Safer internet: One ROAR at a time

Harassment is defined by Merriam Webster as an unpleasant and hostile situation for an uninvited and unwelcome verbal or physical conduct. Simply put, it is a type of behaviour that is persistently annoying. In this article, we’ll discuss the idea of verbal harassment online. We spend around 3.5 hours on our phones, daily. Owing to the pandemic, an average Indian spent 4.3 hours a day on smartphones after the first lockdown began in March 2020. 

The internet as a whole is a service provided to us, consumers. The very essence of being a consumer is the ‘power of participation’. Imagine if we the consumers stopped being bothered about purchasing things that we need, things we want and the things we’re convinced that we would need – thanks to marketing! 

As a consumer, we are involved in the business activity of a firm. A firm is born when an idea is given tangibility. 

Take a moment and look at the other open tabs, apps on your device as you read this. Every app serves a particular purpose, to satisfy the kind of expectations you have from being a member of the digital space. The demographic of users differ from one platform to another.

Every platform on the internet provides you with a sense of gratification, mainly of being informed, being seen and being heard. However, in the last few years, we’ve seen these platforms duplicating the features of each other. 

Snapchat was the first social media service to have the ‘Snap story’- a feature which allows the user to post content with a 24-hour lifespan. This feature was subsequently duplicated by Instagram, Facebook and on Twitter.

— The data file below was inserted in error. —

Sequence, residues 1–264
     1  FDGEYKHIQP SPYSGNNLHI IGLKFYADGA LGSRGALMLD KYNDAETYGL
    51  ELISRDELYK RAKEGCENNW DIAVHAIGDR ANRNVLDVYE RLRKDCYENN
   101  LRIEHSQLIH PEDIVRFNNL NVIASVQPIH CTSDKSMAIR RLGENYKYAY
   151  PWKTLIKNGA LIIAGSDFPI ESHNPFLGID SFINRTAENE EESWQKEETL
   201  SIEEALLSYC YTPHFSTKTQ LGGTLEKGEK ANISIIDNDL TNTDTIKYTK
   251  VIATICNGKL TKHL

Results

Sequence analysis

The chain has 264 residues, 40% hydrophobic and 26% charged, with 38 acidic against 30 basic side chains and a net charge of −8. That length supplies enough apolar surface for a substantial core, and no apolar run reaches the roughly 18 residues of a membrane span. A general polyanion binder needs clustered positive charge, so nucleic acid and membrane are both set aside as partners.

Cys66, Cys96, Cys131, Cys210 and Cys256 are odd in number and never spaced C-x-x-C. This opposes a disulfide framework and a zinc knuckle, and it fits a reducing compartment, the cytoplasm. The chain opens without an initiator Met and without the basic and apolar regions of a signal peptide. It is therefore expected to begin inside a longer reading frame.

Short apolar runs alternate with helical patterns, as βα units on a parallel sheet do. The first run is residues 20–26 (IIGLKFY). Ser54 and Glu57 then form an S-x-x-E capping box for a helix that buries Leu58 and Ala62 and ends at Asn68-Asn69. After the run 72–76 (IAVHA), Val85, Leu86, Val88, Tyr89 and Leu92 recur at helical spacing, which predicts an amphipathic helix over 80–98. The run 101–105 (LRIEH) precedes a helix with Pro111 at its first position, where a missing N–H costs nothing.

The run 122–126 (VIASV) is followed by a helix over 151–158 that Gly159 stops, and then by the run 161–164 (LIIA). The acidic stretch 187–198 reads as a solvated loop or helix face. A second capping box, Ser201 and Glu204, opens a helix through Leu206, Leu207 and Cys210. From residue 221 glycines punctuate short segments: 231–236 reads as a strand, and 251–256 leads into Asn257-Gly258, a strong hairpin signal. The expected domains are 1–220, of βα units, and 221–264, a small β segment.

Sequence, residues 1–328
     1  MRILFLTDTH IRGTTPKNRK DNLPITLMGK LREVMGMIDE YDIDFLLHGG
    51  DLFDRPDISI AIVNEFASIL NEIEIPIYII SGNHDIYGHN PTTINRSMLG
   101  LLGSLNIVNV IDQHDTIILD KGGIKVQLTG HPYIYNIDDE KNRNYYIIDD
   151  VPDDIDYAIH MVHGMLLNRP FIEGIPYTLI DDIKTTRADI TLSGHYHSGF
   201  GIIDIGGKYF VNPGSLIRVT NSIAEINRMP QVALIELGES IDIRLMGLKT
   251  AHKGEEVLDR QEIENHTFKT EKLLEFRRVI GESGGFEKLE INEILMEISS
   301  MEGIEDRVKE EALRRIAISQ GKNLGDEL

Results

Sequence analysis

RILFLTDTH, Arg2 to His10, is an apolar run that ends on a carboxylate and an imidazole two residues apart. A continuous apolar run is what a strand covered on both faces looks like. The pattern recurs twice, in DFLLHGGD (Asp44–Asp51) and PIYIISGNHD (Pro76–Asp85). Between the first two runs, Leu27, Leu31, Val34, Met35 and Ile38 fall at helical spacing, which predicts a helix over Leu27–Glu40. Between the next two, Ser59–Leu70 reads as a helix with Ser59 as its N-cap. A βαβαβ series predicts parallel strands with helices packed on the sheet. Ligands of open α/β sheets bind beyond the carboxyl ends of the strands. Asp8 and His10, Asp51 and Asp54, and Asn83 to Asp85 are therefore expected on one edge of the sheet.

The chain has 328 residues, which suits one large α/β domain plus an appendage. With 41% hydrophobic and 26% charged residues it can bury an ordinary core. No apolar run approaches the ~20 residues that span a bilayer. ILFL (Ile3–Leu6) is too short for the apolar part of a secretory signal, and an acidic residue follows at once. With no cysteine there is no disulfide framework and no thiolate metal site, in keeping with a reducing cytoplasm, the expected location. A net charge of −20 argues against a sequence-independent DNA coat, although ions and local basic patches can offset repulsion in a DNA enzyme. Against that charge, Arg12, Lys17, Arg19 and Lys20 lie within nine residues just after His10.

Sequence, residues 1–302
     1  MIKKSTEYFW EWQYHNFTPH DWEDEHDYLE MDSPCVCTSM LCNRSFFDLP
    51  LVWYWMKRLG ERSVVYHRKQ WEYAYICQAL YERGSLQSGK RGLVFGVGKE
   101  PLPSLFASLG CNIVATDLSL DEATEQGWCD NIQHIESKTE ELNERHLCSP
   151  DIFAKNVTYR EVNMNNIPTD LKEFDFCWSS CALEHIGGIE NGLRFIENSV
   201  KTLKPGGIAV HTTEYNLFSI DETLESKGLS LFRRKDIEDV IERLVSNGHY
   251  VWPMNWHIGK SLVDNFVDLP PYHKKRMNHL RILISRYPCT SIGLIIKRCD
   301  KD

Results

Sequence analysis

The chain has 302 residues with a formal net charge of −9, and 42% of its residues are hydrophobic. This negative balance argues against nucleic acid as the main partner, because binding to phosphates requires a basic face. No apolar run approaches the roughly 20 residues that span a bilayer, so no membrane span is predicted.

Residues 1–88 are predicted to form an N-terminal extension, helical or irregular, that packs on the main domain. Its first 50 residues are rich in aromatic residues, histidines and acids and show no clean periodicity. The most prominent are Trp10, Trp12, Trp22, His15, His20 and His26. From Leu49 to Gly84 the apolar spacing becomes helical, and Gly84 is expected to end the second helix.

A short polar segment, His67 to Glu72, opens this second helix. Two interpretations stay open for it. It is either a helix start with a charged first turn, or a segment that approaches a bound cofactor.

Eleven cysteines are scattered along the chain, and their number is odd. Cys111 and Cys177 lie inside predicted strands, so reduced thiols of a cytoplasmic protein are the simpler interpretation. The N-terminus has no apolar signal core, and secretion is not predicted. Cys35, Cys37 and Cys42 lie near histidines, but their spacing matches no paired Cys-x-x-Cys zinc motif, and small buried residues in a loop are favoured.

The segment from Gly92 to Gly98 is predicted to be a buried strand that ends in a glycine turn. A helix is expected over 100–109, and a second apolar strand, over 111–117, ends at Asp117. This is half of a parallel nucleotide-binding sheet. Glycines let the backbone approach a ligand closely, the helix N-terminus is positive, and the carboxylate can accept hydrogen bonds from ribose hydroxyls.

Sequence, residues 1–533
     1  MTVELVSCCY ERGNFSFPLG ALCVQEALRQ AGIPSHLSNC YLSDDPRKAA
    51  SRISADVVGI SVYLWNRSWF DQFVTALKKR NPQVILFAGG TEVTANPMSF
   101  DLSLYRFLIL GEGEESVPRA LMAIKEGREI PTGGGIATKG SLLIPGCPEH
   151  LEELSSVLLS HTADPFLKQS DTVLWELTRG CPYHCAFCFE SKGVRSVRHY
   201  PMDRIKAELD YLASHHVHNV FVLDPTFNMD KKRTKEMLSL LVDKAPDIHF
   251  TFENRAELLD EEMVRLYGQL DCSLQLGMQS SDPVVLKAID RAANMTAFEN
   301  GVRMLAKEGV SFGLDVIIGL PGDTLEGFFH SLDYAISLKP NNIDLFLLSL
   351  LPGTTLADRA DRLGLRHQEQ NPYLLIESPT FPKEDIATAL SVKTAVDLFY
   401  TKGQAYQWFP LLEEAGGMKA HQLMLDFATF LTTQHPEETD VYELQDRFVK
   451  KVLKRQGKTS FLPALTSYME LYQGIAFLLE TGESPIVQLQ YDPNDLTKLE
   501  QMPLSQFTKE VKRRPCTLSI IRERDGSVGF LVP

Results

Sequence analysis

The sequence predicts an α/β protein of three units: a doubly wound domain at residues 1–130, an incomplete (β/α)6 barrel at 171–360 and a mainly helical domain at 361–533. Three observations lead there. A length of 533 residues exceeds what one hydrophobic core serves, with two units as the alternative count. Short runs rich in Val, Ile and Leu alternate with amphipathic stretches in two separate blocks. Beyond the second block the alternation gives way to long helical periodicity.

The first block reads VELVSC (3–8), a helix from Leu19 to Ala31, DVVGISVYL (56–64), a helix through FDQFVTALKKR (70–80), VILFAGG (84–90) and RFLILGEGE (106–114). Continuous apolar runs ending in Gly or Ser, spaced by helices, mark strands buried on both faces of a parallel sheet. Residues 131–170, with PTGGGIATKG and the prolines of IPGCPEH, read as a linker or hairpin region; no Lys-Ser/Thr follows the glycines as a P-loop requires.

What’s that got to do with harassment?

It’s funny how competing social media brands with such variation in their respective demographics are chasing after imitating what one has to offer. What’s the Unique Selling proposition (USP) then? 

It is you. Social networking sites are all about finding and building your communities. 

The platforms which cater to the highest number of like-minded people to you are the ones you’re more likely to spend your time on. 

Yet, here lies the problem. Every person with an internet presence is entitled to their communities. When it comes to usage of these social media platforms, there’s no such divide you and the celebrity with 50 million followers. To the platform, you and the celebrity are equal consumers. 

The impact of social media on consumer behaviour is more deeply rooted than we know, we’ll try to empirically prove it and write on it soon. As I’m writing this article a bunch of people belonging to the Reddit community r/Wallstreetbets have blown the share price of an almost bankrupt GameStop. Elon Musk, CEO of SpaceX tweeted about Dogecoin and the cryptocurrency’s price escalated to a whopping 50%.  When a bunch of Redditors can come together shaking the entire Wall Street in a matter of hours, I think it is pretty clear to understand that power of the internet is unmatchable. I mean it’s just too difficult to keep up!